Tropism and Dormancy: Lesson Plan

Plants can move toward or away from a stimulus (tropism), or halt their growth completely (dormancy) when conditions are not ideal.

UNC-TV Media


  • The Oak Stands Tall
  • O Christmas Tree


  • The Mighty Oak

Alignment to NC Essential Standards

  • 6.L.2.2 — Explain how plants respond to external stimuli (including dormancy and forms of tropism) to enhance survival in an environment.

Learning Outcomes

Students will be able to:

  • List abiotic factors that contribute to the ability of plants to survive in an ecosystem
  • Define tropism and dormancy
  • Compare and contrast different types of tropism

Essential Vocabulary

  • Tropism 
  • Dormancy
  • Photosynthesis
  • Germination


Students will view the NC Science Now video Oh Christmas Tree. As they view the video, students should answer the questions on the attached PDF. They can discuss their answers with a partner or in small groups.


Students will read the NC Science Now blog “The Mighty Oak” and address the following questions during class discussion, during which the term “tropism” can be introduced.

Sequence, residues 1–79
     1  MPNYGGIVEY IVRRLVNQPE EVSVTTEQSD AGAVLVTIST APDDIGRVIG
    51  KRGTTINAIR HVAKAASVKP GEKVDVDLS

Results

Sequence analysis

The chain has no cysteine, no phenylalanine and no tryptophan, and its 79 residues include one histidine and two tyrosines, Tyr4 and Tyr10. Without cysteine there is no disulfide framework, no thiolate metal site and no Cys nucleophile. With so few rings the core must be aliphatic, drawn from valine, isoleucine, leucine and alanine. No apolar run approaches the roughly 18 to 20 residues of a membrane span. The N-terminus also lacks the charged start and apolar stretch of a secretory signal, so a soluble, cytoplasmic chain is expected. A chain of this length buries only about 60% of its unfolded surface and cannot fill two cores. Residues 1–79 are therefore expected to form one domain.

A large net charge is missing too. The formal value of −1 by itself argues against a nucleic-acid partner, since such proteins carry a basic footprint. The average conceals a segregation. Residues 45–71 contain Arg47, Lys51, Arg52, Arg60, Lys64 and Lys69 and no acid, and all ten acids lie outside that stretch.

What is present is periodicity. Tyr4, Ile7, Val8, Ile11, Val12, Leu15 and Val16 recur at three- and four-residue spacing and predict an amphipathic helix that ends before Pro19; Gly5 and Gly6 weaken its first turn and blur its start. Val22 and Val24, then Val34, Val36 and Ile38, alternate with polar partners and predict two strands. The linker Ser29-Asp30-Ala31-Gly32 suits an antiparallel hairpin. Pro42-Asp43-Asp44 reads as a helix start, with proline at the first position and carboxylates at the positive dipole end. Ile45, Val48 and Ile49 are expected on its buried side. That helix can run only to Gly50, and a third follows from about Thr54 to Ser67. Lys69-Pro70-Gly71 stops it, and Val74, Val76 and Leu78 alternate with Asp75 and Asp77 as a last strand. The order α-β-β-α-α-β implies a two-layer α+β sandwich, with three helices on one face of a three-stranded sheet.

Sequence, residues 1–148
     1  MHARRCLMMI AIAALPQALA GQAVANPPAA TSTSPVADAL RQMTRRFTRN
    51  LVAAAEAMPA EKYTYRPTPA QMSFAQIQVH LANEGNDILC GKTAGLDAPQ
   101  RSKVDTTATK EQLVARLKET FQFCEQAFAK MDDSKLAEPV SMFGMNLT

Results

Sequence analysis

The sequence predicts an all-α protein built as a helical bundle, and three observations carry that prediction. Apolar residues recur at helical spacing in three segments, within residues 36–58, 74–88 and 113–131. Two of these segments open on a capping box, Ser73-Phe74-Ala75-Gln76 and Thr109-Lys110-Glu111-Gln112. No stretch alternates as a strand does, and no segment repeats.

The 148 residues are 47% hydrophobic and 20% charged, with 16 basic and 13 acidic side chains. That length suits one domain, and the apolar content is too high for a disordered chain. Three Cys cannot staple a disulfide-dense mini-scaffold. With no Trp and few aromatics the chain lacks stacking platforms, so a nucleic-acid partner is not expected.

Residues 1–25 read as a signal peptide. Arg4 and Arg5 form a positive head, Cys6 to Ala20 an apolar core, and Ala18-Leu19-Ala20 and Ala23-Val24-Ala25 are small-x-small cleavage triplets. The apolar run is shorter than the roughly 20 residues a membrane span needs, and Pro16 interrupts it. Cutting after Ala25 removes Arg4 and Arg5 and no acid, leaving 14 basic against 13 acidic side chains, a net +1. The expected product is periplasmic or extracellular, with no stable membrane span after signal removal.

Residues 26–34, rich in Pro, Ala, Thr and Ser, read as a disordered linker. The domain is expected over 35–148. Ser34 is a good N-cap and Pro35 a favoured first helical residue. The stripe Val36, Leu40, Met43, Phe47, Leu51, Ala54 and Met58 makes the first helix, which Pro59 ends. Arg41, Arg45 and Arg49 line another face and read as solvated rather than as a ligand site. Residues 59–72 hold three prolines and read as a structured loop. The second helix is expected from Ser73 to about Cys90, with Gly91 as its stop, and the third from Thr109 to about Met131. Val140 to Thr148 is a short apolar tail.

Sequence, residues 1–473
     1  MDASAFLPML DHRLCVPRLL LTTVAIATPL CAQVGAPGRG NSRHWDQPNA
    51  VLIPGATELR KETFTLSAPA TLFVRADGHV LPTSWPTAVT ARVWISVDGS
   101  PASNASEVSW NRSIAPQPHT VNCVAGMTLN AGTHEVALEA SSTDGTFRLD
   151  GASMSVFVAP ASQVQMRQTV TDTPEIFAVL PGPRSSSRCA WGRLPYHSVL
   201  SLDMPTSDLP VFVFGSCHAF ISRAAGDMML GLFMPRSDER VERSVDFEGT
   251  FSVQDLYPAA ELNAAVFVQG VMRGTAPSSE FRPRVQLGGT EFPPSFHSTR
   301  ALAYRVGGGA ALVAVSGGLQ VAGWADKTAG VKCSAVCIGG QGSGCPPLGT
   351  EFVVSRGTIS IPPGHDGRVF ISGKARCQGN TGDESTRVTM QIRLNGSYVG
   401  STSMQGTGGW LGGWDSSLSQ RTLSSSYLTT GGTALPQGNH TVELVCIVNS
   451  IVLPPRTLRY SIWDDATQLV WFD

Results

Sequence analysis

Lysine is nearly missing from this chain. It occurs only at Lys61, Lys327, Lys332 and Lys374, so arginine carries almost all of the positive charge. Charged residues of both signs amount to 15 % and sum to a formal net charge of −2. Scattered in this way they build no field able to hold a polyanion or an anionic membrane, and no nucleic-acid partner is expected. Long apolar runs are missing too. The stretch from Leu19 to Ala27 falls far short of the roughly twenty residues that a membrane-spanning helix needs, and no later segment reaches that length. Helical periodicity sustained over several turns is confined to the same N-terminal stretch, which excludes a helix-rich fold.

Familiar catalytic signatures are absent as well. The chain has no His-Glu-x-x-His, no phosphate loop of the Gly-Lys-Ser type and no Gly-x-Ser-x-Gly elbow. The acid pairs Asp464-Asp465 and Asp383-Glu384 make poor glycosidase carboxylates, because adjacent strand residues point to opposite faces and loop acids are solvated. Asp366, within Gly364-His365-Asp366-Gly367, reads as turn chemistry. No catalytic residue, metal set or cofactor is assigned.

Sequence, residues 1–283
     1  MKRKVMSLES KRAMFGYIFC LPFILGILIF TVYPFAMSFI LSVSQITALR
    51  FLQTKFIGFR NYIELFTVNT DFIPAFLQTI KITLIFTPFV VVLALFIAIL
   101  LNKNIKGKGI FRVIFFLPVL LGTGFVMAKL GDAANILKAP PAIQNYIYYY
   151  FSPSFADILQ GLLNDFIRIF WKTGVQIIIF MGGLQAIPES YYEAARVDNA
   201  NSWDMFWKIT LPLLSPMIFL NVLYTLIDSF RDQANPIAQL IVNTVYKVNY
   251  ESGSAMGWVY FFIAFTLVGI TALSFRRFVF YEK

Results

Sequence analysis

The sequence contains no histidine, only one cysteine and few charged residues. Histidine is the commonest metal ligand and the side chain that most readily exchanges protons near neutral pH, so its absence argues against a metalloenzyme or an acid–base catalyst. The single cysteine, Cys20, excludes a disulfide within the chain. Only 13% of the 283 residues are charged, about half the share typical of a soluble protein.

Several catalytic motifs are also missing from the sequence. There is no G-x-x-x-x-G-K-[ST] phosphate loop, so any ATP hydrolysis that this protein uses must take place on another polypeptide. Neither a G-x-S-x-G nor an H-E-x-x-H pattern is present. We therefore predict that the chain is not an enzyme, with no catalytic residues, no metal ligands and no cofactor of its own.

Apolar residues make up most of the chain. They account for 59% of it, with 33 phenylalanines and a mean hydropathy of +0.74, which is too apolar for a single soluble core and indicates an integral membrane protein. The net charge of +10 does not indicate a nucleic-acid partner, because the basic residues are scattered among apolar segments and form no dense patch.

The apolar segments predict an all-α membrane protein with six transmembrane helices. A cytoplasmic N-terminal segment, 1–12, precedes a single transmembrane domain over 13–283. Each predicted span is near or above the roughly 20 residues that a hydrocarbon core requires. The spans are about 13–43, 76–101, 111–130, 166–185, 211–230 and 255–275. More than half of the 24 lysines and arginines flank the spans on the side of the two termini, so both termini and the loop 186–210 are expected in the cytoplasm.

1. According to the blog, what is the key reason oak trees are mighty?
  2. What is the first part of a future oak to emerge from an acorn?
  3. Why do most of the roots of oak trees grow downward?
  4. Why do some oak tree roots grow sideways? 


Students will view the NC Science Now Animation “Tropism and Dormancy,” and answer the questions on the attached PDF as they watch.


Students will watch NC Science Now Video The Oak Stands Tall to learn how mighty oaks can survive fires. They can answer questions on the attached PDF as they view.


Construct an animation, or write a three-paragraph paper, about the ways in which plants respond to the following stimuli:

  1. Water
  2. Fire
  3. Gravity
  4. Light